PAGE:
One of the relatives of Elimelech, husband of Naomi; a wealthy Judean, living at Bethlehem in Judah (Ruth ii. 1). He was one of the kinsmen of Ruth; as such he had the privilege of redeeming the family estate sold by Naomi after Elimelech's death. Therefore when Ruth appealed to his kinship, he redeemed the property (Ruth iii. 9, iv. 3). In consequence of this he had to marry Ruth, in order "to raise up the name of the dead" (Ruth iv. 5, 10). Their son Obed was, according to tradition, the grandfather of David (Ruth iv. 22).
Boaz is identified by some rabbis with the judge Ibzan of Bethlehem (Judges xii. 8). It is further said that he lost all his sixty children during his lifetime because he did not invite Manoah, Samson's father, to any of the marriage festivities in his house. For, since Manoah was at that time without children, Boaz thought that he need not consider on such occasions a childless man who could not pay him back in kind (B. B. 91a). According to Josephus, "Ant." v. 9, § 1, Boaz lived at the time of Eli. Boaz was a just, pious, and learned judge, and the custom of using the Divine Name in greeting one's fellow-man (Ruth ii. 4) formulated by him and his bet din received the approval of even the heavenly bet din (Mak. 23b; Yer. Ber. ix. 14c; Ruth R. to ii. 4).
Being a pious man, Boaz on his first meeting with Ruth perceived her conscientiousness in picking up the grain, as she strictly observed the rules prescribed by the Law (compare Gleaning of the Fields). This, as well as her grace and her chaste conduct during work, induced Boaz to inquire about the stranger, although he was not in the habit of inquiring after women (Ruth R. to ii. 5; Shab. 113b). In the conversation that followed between Boaz and Ruth, the pious proselyte said that, being a Moabite, she was excluded from association with the community of God (Deut. xxiii. 4). Boaz, however, replied that the prohibition in Scripture applied only to the men of Moab, and not to the women. He furthermore told her that he had heard from the Prophets that she was destined to become the ancestress of kings and prophets; and he blessed her with the words: "May God, who rewards the pious, also reward you" (Targ. Ruth ii. 10, 11; Pesiḳ, ed. Buber, xvi. 124a). Boaz was especially friendly toward the poor stranger during the meal, when he indicated to her by various symbolic courtesies that she would become the ancestress of the Davidic royal house, including the Messiah (Ruth R. to ii. 14; Shab. 113b). As toward Ruth, Boaz had also been kind toward his kinsmen, Naomi's sons, on hearing of their death, taking care that they had an honorable burial (Ruth R. to ii. 20).Boaz and Ruth.
Although Boaz was the prince of the people, he himself supervised the threshing of the grain in his barn, in order to circumvent any immorality or theft, both of which were rife in his days (Tan., Behar, ed. Buber, viii.; Ruth R. to iii. 7). Glad in his heart that the famine was over in Israel, he sought rest after having thanked God and studied for a while in the Torah (Tan., l.c.; Targ. Ruth iii. 7; and Ruth R. ib.). Aroused out of his first sleep by Ruth, he was greatly frightened, as he thought that she was a devil; and he was convinced of the contrary only after touching the hair of her head, since devils are bald (Tan., l.c.). When he perceived the pure and holy intentions of Ruth he not only did not reprove her for her unusual behavior, but he blessed her, and gave her six measures of barley, indicating thereby that six pious men should spring from her, who would be gifted by God with six excellences (compare Isa. xi. 2; Sanh. 93b; Num. R. xiii. 11; Ruth R. and Targ. to Ruth iii. 15; the names of the six men differ in these passages, but David and the Messiah are always among them). Boaz fulfilled the promises he had given to Ruth, and when his kinsman (the sources differ as to the precise relationship existing between them) would not marry her because he did not know the Halakah which decreed that Moabite women were not excluded from the Israelitic community, Boaz himself married her (Ruth R. to iv. 1). Boaz was eighty and Ruth forty years old (idem to iii. 10), but their marriage did not remain childless, though Boaz died the day after his wedding (Midrash Zuṭṭa, ed. Buber, 55, below).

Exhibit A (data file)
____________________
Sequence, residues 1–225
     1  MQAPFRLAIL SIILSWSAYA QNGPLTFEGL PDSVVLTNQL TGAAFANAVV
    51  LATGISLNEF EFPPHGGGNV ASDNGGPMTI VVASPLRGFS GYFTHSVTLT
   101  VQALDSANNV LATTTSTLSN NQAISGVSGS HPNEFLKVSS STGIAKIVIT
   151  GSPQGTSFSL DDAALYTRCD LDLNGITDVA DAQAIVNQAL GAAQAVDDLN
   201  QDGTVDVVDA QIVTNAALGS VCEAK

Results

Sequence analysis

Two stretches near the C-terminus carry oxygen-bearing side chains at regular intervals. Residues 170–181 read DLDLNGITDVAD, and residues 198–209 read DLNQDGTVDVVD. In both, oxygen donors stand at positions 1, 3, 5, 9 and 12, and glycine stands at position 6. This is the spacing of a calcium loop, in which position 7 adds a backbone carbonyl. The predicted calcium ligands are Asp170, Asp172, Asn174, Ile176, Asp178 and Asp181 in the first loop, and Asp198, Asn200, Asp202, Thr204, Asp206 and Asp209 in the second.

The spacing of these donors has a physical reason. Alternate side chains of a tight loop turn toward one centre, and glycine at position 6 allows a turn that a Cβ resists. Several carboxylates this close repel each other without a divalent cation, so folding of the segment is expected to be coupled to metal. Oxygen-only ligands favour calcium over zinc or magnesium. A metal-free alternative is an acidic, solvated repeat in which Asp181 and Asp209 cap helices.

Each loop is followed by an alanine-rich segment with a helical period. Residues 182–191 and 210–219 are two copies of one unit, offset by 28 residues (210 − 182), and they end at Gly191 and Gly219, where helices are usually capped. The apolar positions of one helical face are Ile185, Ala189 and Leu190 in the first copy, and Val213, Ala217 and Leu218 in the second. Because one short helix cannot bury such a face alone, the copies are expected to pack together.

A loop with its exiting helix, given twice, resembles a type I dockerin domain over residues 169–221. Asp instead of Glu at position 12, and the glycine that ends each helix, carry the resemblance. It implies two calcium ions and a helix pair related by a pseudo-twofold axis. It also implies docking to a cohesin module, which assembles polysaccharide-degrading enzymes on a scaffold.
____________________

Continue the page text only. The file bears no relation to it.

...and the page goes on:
- D. Hartmann, Das Buch Ruth in der Midrasch-Litteratur, 1901.
The historical value of the genealogy (Ruth iv. 18-22) is denied by Wellhausen, Cornill, and modern critics generally. They suppose it to be the product of a tendency that existed at one period in post-exilic times, of finding a foreign origin for the most renowned families. But others are of the opinion that David's flight into Moab (I Sam. xxii. 3) is a circumstance that lends historical plausibility to the Moabitic origin of Ruth (so Kuenen, "Historisch-Critisch Onderzoek," etc., i., § 36. g.; Nowack, "Ruth," p. 184.